return number | get_food_image(x, y, column);

  return number;

int get_food_image(int x, int y, int column)
  if(column == 0)
    return 0b0000;
  if(column == 1)
    return 0b0100;
  if(column == 2)
    return 0b1010;
  if(column == 3)
    return 0b0100;

/* Column 0 and row 0 is the gap between the snake*/

/* Column is 0-3 and this returns a number between
 * 0b0000 and 0b1111 for the pixels for this column
   The MSB (left most digit) is drawn below the LSB */
int get_snake_image(int x, int y, int column)
  if(column == 0) {
      return 0b1110;
      return 0;
    return 0b1111;
    return 0b1110;

Pretty messy code, but necessary to save every possible byte of memory.

Now we can call


when something changes in board coordinates x,y, and this will redraw the screen at that position.

So now we just need to implement the snake logic to create a snake and get it to play automatically. And do so in around 1 kilobyte of memory!


Nokia 6110 Part 1 – Electronics

Original Nokia 6110

This is a four part series:

The Nokia 6110 phone came with a snake game that was an instant success.  Many people bought the phone just to play the game.

I wanted to recreate this game, but have an AI playing it continually.

I bought one of these phones from ebay, and took it apart.  It comprises of two boards – the top board controls the LCD and the buttons, and uses a ‘springy’ connector to connect to the bottom board.

Bottom Board

The bottom board contains all the phone electronics, including the power connector.

I don’t want to keep any of the phone electronics, so I took out my trusty saw and cut the middle part of the bottom board out, throwing it away and keeping the top most part and the bottom most part:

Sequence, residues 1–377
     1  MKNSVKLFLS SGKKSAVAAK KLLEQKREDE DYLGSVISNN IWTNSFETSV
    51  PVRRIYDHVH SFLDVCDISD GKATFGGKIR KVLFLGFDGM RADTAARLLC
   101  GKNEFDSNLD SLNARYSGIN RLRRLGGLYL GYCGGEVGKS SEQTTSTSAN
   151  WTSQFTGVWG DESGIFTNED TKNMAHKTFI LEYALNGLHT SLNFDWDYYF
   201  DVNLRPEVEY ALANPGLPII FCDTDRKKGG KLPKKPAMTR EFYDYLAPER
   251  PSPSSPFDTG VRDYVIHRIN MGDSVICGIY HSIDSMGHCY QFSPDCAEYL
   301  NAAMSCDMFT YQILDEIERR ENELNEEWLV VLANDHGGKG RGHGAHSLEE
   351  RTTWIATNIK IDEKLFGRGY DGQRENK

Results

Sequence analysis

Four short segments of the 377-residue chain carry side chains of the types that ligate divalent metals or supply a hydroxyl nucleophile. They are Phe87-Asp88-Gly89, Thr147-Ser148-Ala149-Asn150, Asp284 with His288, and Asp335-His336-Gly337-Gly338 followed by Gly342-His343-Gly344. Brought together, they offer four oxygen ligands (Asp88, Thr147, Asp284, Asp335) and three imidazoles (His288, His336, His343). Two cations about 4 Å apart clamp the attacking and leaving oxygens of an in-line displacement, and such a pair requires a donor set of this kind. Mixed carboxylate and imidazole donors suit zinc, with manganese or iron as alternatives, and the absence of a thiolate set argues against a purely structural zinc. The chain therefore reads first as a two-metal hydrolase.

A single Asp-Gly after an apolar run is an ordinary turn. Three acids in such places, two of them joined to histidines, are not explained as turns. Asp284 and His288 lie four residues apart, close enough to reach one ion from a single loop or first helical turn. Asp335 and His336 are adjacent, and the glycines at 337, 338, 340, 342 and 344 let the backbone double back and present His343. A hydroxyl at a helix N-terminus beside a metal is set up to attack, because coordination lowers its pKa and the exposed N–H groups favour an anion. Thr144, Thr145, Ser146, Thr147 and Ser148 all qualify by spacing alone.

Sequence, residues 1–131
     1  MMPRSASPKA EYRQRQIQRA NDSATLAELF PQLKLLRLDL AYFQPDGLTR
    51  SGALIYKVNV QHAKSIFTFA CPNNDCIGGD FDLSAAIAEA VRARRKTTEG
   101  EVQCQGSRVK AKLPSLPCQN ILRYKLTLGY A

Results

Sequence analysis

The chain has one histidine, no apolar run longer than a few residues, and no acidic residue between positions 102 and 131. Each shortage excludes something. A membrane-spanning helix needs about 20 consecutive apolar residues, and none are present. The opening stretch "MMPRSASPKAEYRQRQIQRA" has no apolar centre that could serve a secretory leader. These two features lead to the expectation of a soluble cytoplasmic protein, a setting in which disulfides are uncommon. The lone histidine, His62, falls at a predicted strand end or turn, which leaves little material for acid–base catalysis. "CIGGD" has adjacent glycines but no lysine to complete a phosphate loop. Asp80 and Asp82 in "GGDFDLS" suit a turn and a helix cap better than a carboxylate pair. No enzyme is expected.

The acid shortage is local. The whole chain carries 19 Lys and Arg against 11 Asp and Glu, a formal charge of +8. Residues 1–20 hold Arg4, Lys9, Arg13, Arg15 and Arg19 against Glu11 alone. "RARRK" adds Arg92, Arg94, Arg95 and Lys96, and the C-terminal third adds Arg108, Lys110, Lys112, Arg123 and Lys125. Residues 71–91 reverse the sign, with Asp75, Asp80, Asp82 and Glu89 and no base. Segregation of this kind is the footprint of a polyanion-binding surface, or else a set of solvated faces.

original_pcbCutting bottom boardPower Connector cut off

(Not shown here, but I also cut off the top part, purely for aesthetics, because the antenna pokes through the case).

Next, I soldered two wires to the power connector, using a multimeter to determine which wires to connect to.

Now that we have power, it’s time to move on to the top board, and get the LCD connected.

Top board

The LCD connects via a “zebra” connector to the board:


By finding and reading the PDF for this LCD display (pcd8544), we can work out which pins are which.  These pins map to the otherside of the board, connecting to the bottom board via the “springy connector” that I labelled in an image above.  Using a multimeter, I mapped out the pins.  The LED backlights are also helpfully connected here, via a transistor, so those were wired up too:

pin layout

The blue lines here indicate where I’ve shorted the connections to ground, and the red dotted lines is where I’ve shorted the connections to the power line.  In a future version I might leave the LED power separate, and power that separately, bypassing the arduino regulator.  The LEDs draw 100mA at 3.3V.

Here’s the final soldered product:

At this stage, I wrapped the board in salotape to provide a small amount of strength and to avoid any short circuits when placing other boards on top.


In the first iteration of this, I used a 5V Arduino Nano running at 16Mhz, even though the display is supposed to accept only 3.3V logic and power.  I looked carefully at the display specifications, and it did appear that it should tolerate 5V.  However the result was that the display contrast was wrong.  So I switched to a 3.3V Arduino Pro Mini, running at 8 Mhz.

To make it possible to program the Arduino, I cut 6 female dupont leads and soldered them to the FTDI header.  This allows me to program the Arduino even when the phone is assembled.

Next I connected up the wires to the arduino pins as marked in the diagram (SCLK=pin2, SDIN=pin5, D/C=pin3, Res=pin4).  Optionally the backlight can be connected to pin6, but I hardwired it to power.


In the first iteration of this, I then added an arduino and powered the arduino directly from the 7.9V input.  However the arduino’s has a linear regulator, meaning that it was producing (7.9V – 3.3V) * 100mA = 0.5 Watts of heat.  I thought that this would be tolerable, but it got a bit too warm for my liking inside the case.  So I added a switching regulator to convert 7.9V down to 3.6V, which I then fed to the arduino’s linear regulator.

Top half of the bottom board

Finally, I added the top half of the original board, simply so that the original antenna poked through.

Now the case can be screwed on, and we can start to program it by plugging in an FTDI usb connector:

Next up – Programming it!